The evaluation of this cycle will have to be done on a case by case basis as, regardless of the ideological labels, there are nuances and differences between these countries. In Bolivia, for example, the economy is managed in a more orthodox way. From now on, however, it is possible to discern some characteristics that are shared by these governments and which will, undoubtedly, influence the political culture of this region. Here are four, to begin with:

1. Polarization: The governments divided countries into those that supported them and those that did not. The money from commodities allowed them to play God and to talk about a before and an after. They did not only rebuild the country, in cases like that of Venezuela and Ecuador, they spoke openly about a historic turning point: the second independence after that achieved from Spain in the nineteenth century. Always polarizing between good and bad, patriots and traitors, is part of their strategy. The consequences are disastrous as politics becomes a religion where common sense, logic and civilized debate about political ideas and projects has no place.

2. The State is everything: The money from commodities allowed these governments to become, with nuances, the be-all and end-all of everything. Politically, they concentrated all the powers (especially in Venezuela and Ecuador) and even set themselves up as absolute representatives of society. Economically, they supplanted the private sector and turned the State into the engine of the economy. Dismantling this system, which is protected by the Constitution and a myriad of laws, decrees and regulations, will be one of the most arduous and difficult tasks for future governments. Octavio Paz’s philanthropic ogre is now one more peculiarity of Latin American culture.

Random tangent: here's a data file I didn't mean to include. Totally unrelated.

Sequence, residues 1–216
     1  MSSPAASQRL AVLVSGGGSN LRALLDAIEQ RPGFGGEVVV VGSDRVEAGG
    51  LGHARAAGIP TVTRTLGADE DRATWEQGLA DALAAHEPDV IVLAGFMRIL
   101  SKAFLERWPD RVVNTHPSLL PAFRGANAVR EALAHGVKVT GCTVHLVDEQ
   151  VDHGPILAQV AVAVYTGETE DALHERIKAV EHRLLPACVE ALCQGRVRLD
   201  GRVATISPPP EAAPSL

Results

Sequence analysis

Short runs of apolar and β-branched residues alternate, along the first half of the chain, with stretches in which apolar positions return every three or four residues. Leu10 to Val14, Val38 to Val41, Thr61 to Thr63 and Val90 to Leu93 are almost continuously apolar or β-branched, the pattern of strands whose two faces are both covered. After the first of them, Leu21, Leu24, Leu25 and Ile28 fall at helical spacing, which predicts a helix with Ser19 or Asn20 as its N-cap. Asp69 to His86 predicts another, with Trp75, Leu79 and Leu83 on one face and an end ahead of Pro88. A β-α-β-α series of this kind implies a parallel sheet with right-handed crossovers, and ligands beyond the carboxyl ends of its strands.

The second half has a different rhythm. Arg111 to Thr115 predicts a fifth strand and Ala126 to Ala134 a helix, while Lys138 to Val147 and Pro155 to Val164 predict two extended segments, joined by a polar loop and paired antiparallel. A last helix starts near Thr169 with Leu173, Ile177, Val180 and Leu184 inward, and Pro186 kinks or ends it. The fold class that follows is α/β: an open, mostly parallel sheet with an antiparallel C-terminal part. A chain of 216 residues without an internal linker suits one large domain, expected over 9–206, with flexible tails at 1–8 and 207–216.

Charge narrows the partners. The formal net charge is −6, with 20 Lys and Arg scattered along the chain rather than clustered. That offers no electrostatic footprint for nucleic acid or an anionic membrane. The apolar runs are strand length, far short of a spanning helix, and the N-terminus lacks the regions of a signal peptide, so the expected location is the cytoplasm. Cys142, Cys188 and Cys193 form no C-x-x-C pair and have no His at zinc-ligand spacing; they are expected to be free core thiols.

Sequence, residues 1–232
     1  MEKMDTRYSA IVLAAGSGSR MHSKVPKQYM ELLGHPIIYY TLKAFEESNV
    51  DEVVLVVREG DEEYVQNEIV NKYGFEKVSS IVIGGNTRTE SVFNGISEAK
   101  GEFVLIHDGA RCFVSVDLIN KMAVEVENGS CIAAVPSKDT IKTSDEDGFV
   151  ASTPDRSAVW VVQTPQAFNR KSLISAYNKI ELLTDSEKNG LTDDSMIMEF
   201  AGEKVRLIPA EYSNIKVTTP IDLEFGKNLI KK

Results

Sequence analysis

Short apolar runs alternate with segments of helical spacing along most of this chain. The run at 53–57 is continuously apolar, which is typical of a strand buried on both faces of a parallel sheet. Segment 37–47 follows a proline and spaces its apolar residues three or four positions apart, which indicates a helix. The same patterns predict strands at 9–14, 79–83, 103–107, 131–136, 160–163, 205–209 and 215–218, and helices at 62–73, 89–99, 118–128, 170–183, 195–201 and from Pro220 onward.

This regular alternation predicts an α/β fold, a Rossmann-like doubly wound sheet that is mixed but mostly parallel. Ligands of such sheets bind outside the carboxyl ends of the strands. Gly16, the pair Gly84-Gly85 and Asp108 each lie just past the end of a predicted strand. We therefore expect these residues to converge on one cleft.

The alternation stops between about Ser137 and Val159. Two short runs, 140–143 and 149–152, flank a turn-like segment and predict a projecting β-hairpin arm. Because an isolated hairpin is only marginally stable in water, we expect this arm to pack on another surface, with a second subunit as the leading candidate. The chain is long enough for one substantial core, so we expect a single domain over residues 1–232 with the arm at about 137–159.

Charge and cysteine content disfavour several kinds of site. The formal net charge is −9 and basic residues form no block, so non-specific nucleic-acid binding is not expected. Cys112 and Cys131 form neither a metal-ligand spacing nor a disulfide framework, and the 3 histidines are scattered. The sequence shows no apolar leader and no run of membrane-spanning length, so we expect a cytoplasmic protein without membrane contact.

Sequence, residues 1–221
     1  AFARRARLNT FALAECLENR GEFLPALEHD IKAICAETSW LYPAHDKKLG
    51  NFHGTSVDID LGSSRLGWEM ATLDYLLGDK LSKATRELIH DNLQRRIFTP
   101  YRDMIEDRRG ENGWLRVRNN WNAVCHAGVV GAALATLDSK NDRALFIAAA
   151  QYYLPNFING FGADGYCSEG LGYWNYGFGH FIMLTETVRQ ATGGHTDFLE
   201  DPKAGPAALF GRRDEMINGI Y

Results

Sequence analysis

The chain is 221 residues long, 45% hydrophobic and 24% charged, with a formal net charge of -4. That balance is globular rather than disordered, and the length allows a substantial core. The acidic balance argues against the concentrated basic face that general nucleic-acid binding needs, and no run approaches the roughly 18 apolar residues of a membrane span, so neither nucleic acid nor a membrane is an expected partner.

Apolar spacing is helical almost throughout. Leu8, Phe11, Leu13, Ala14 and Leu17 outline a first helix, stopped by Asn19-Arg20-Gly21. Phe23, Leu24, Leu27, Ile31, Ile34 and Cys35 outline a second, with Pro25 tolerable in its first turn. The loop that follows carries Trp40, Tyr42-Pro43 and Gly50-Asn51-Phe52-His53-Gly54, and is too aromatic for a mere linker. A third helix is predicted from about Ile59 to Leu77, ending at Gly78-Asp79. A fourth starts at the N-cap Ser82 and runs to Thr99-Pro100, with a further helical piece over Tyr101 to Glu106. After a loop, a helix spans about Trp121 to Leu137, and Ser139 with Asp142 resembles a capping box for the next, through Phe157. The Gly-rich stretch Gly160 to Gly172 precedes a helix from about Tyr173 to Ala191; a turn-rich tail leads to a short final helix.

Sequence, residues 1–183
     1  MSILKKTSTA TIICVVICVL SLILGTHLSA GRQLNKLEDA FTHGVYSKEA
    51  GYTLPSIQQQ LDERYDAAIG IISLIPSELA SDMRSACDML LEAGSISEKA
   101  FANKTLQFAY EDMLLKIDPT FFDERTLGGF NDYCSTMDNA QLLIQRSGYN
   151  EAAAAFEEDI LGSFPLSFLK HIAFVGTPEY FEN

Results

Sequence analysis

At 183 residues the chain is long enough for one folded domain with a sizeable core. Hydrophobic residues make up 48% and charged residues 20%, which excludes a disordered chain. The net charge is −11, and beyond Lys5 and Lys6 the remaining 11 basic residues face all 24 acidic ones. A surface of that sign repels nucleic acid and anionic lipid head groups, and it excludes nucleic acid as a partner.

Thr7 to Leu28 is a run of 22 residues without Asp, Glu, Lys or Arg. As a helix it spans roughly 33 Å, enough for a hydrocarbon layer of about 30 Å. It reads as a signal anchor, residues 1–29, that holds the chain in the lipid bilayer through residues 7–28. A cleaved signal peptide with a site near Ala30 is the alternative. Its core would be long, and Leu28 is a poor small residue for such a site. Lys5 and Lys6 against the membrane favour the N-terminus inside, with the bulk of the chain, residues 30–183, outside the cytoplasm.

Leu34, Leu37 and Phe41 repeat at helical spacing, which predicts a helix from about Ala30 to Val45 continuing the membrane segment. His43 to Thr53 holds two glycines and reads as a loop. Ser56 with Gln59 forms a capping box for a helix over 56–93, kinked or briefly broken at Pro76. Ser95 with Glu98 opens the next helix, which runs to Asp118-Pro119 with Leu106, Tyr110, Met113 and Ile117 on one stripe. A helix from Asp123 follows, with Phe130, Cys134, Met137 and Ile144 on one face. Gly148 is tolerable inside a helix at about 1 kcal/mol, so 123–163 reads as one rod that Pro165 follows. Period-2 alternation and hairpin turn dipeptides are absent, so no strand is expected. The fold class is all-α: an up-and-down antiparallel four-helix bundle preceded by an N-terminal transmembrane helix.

3. Dependent societies: These governments had the wisdom to position, in an indispensable way, social policies on the agendas of the governments and the societies. Unfortunately, they used these agendas for propaganda purposes. Their social policies, far from being tied to a productive process, became the core of their polarization strategy. In the end, they are not sustainable nor have they changed the political culture of the society. On the contrary, now there are many more citizens who expect everything from the state. On this point, these leftist governments also failed: they returned to the system of spending and imposing taxes on those who have money. But, they didn’t reconcile society with the production and the necessity to produce wealth.

4. The end of the public sphere: One of the fundamental characteristics of the left was public debate. Its anti-establishment force was evident in trade unions, associations, universities, indigenous and social movements, minorities, Christians inspired by liberation theology…This left, once in power, proved that its logic was unequivocal and totalitarian. Debate was blocked, social protest was criminalized, mechanisms against the media and freedom of expression were created, and armies of trolls were installed to carry out witch-hunts on social networks. Ultimately, it converted the public sphere into the closest thing to a sewer. These governments, that call themselves progressive, have caused tremendous structural damage and they have done their utmost to win over from power a society that they see as obedient, not deliberative.